THURSDAY, May 28 (HealthDay News) --Should it worry you that there are 19 different species of bacteria living behind your ears?
Not especially, when you consider that there are 44 species thriving right out in the open on your forearm.
This information comes to you from scientists at the U.S. National Human Genome Research Institute, who have used the same techniques that enabled them to map the human genetic makeup to identify all the bacteria living on human skin.
There are lots of them, of all sorts. In scientific terms, 19 separate phyla and 205 different genera to be found on the 20 sites sampled by the researchers. The diversity of microbial life on human skin was much greater than expected, according to a report in the May 29 issue of Science.
This might strike some people as an odd way to be spending tax dollars, but that's the wrong view to take, said Julia A. Segre, a senior investigator at the institute who took part in the study.
For one thing, there are many potential medical applications of the work, Segre said. "We are using these results already to initiate clinical research," she said. "We want to know what is the contribution of the human microbiota to common and rare skin disorders."
Segre herself is studying the skin disorder eczema. "We are hoping with this project that we can understand the pathogenic processes in these conditions," she said. "And perhaps we can learn how to help healthy bacteria keep pathogens in check."
But there is also the sheer scientific beauty of what is called the Human Microbiome Project, an offspring of the Human Genome Project, which mapped all the genes in the body. The same techniques used to go through the human genetic sequence now can be applied to bacteria, Segre said.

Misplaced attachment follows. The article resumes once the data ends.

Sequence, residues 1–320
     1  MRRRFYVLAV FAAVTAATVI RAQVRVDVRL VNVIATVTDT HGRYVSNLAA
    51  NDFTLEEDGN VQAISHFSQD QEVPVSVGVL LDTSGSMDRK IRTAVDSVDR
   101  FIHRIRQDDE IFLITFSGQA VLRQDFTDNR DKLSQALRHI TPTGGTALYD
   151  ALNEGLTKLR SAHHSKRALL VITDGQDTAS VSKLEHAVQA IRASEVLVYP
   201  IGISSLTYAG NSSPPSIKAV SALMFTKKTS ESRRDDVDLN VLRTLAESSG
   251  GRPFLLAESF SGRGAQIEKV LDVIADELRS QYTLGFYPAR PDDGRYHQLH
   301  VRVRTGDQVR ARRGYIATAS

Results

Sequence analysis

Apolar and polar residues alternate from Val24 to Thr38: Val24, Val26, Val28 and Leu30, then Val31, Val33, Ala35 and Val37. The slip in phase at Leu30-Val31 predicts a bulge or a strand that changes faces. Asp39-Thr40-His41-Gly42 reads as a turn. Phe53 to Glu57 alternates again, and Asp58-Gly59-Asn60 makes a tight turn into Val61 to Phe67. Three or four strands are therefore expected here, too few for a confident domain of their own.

The diversity found as the investigators sequenced bacteria found in moist sites (inside the nose, the armpits, the navel), dry areas (such as the forearm) and oily sites (inside the ear, between the eyebrows, the back of the scalp) was a surprise, she said.
"All our knowledge had been based on what we could culture in the laboratory," Segre said. "Culturing puts a bias on what you can study. You're limited to what you can grow at a certain temperature in enriched media. In culture, you can find what you are looking for, but it's hard to find what is not there."
Even more unexpected was the similarity of the bacteria living in the same sites on different people. "We found that the site was more determining than the individual," Segre said. "In different people's armpits we found the same bacteria, while different parts of the body had very different bacteria."
Diversity is to be expected in bacteria because there are a lot of different species, and now that diversity can be explored in depth, she said. "A revolution in sequencing technology enables us to obtain information of a complexity that is astronomical compared to what was possible just a few years ago," said Segre, who began to work in the Human Genome Project as a graduate student.
"This is fundamental work, defining one aspect of human biology," said Dr. Martin Blaser, chairman of medicine and a microbiologist at New York University, who has done several studies of human skin bacteria. "The human body is a map, and they are putting more sites on the map. This has been a very good advance."
Blaser and his colleagues have published several studies of bacteria that they found on the human forearm. "We began to use molecular methods several years ago, and we continue to do that," he said. "This work is much more comprehensive that ours were, because the tools are more powerful."
Though the new study can be described as basic science, "the identification of complex microbiota is important if one considers many inflammatory diseases of the skin," Blaser said.
His group has just received a National Institutes of Health grant to study the relationship between skin bacteria and psoriasis, Blaser said. "This paper has a lot of fundamental information that is of use to us," he said.
SOURCES: Julia A. Segre, Ph.D., senior investigator, U.S. National Human Genome Research Institute, Bethesda, Md.; Martin Blaser, M.D., chairman, medicine, and microbiologist, New York University; May 28, 2009, Science